Dropzone is the best Mac app I discovered in 2015. It works like the "drop stack" feature in Path Finder, but it's available in the menu bar. I use it every day to gather files to attach to emails, open PDFs in specific apps, and more.

Realpolitik TV

Dr. Drang is tired of Donald Trump's bullshit. Which is essentially just an amen to Trump's preaching.

Trump isn't the traditional politician, but rather more of a singer-songwriter in his own indie sub-genre of republicanism.

I think it's very likely that Trump will be written into history as a chief catalyst in the unapologetic push to fully merge politics with entertainment.

Politicians have always been actors fundamentally. The ability to play a charismatic character on stage is an asset. Politicians with acting backgrounds have used their skills to great advantage. Ronald Reagan and Arnold Schwarzenegger are notable examples.

Nerds don't get politics because most of us are introverted and probably find acting in a non-Hollywood capacity disingenuous. Which it is. But it's the way things get done in a time when the competition for American attention has never been more intense. Entertainment works.

We implicitly accept that actors are essentially lying to us on screen for the sake of entertainment. If we can accept that the political actor is simply acting (lying for the sake of capturing attention), then it seems logical to allow it to merge with the entertainment sphere.

And entertainment has been borrowing from politics for years. Steven Colbert effectively played the part of a republican on The Colbert Report. If Donald Trump can bridge the gap between capitalist imperialist to acting by way of The Apprentice, who's to say he's not qualified for public office acting gig?

Up next after a few words from campaign donors: Obama on Running Wild with Bear Grylls.

Wolfram Alpha + LaTeX revisited

I mentioned before how useful it can be to evaluate numerical LaTeX expressions with Wolfram Alpha using Alfred. I still do that a lot, but now that I have a Wolfram Alpha pro subscription, I'm spending more time on the WA website itself to take advantage of features like calculation history.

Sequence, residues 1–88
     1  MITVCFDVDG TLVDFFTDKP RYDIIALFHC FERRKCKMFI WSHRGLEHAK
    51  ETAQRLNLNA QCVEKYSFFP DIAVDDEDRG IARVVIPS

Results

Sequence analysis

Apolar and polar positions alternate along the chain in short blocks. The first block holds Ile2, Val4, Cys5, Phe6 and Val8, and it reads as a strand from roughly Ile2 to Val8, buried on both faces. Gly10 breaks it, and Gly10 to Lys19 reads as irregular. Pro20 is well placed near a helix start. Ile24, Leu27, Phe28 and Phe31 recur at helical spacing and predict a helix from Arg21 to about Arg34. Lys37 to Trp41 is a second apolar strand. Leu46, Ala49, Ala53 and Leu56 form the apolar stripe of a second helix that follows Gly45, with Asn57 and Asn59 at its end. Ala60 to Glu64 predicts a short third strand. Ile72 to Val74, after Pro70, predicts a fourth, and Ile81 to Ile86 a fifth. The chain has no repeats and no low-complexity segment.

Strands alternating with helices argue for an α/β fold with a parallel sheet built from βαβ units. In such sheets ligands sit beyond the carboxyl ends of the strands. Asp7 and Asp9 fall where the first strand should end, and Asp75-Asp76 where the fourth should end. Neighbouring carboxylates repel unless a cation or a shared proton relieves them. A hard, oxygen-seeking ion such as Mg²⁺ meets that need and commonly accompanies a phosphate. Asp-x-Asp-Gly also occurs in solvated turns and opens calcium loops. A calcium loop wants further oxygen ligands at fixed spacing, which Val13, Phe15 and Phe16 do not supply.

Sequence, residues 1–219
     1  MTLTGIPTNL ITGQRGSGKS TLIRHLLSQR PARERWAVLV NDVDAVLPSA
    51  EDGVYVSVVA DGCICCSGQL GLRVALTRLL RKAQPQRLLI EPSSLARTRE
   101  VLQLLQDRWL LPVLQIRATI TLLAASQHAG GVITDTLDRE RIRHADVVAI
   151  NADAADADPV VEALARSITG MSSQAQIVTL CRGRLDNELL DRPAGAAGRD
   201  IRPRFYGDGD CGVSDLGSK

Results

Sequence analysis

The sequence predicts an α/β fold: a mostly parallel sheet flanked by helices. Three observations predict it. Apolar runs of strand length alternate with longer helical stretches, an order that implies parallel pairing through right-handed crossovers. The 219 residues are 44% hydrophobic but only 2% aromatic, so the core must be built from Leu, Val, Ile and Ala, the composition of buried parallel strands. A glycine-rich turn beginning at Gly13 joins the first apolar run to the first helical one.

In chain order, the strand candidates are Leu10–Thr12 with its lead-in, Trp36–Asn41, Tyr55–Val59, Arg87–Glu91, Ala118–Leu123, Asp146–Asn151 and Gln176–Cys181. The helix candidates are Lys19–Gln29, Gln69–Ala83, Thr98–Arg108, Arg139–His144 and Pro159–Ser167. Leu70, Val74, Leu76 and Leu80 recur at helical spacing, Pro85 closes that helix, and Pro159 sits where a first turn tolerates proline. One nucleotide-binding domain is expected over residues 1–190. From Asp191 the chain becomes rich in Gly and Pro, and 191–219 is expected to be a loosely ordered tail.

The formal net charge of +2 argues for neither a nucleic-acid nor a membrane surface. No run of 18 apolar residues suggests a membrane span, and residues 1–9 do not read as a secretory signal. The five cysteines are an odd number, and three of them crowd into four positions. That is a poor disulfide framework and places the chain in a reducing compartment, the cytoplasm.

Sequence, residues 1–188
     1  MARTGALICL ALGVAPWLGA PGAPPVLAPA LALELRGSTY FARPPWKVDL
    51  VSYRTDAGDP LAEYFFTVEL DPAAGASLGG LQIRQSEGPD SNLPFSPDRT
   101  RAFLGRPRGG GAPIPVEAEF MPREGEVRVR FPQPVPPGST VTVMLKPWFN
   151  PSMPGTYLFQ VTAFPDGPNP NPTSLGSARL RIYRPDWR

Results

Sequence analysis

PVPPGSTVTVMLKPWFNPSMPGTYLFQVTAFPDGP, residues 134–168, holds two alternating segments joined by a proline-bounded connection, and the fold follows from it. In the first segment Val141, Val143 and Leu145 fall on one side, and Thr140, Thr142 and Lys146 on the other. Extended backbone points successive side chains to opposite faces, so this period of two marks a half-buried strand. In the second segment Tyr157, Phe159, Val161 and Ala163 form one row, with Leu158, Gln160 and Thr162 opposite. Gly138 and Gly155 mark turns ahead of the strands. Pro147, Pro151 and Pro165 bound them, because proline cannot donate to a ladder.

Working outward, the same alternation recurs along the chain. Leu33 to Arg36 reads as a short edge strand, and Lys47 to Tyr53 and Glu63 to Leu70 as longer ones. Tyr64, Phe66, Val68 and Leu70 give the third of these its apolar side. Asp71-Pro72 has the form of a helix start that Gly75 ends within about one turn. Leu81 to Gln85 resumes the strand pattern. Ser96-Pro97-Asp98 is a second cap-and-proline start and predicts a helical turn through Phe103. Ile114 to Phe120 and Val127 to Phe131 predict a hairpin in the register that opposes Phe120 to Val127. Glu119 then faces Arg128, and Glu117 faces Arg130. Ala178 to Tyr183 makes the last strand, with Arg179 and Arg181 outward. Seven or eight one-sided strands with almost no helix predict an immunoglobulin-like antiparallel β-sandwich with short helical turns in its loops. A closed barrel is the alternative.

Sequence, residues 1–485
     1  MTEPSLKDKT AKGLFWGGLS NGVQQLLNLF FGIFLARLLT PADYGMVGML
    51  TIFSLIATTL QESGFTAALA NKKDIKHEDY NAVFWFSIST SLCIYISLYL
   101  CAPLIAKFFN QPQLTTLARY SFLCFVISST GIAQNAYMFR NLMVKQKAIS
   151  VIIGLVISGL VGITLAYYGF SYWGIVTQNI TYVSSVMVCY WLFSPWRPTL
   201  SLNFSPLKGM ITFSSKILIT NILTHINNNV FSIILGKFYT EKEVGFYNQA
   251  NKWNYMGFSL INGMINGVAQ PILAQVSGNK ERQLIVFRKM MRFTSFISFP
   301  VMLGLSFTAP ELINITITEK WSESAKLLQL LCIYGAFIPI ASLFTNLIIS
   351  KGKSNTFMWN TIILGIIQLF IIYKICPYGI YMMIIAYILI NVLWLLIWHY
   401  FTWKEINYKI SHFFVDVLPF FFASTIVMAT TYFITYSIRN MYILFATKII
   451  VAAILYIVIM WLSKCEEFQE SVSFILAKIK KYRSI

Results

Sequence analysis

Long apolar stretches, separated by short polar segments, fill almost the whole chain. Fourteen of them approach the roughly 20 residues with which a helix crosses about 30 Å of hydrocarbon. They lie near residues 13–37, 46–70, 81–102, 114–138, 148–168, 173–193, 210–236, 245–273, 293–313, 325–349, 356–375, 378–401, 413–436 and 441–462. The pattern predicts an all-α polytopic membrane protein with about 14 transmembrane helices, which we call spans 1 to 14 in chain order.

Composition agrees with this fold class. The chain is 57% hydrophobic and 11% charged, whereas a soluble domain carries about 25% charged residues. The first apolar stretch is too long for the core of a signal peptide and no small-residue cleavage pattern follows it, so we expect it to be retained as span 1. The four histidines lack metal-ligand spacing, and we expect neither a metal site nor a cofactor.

Another benefit of being on the website is being able to visually see how WA interprets the code I enter. This is a fantastic way to verify that I entered the code that I thought I entered—especially for longer expressions that go beyond the visible boundary of the input field.

A recent example: I wanted to evaluate:

\frac{1677 - 1251.76}{1 + \frac{(1-0.004)}{1.04} + \frac{(1-0.004)(1-0.005)}{1.04^{2}} + \frac{(1-0.004)(1-0.005)(1-0.006)}{1.04^{3}}  }

The first time I copied this expression into WA, I accidentally missed the very last bracket, probably because there was some extra space in front of it.

I was able to quickly see that something was wrong since I intended the 1677 - 1251.76 term to be in the numerator.

So I tried again, making sure to capture all of the code, and got what I was looking for, including the numerical value of the expression, 113.41.

Being able to evaluate these expressions on the fly is a godsend and greatly reduces the chances for typos in the final document. As an added bonus, since WA generates a unique URL for each query, I can copy it into my .tex file as a comment for later reference. For example, here's the calculation above.

Defer projects, not tasks

Lots of good, practical, salt-of-the-internet advice from Brett Kelly on using OmniFocus. My favorite is "defer projects, not tasks." On some level of consciousness, I figured this one out a while back, and it's made my OmniFocus perspectives several orders of magnitude more sane.

I don't enter a specific date to defer entire projects. I simply set their status to "on hold," which keeps a placeholder for them in my project list, but keeps the individual tasks from fighting over my attention with active project tasks.

I think deferring projects also promotes a more project-oriented mindset. That is, it helps funnel tasks into goal-oriented buckets. If it's not obvious which project a task belongs to, there's an excellent chance that the task 1) isn't worth your time or 2) belongs in a more calendar-like medium like Reminders.app.

By the way, Brett just released a free OmniFocus book, too.

Office 2016 for Mac impressions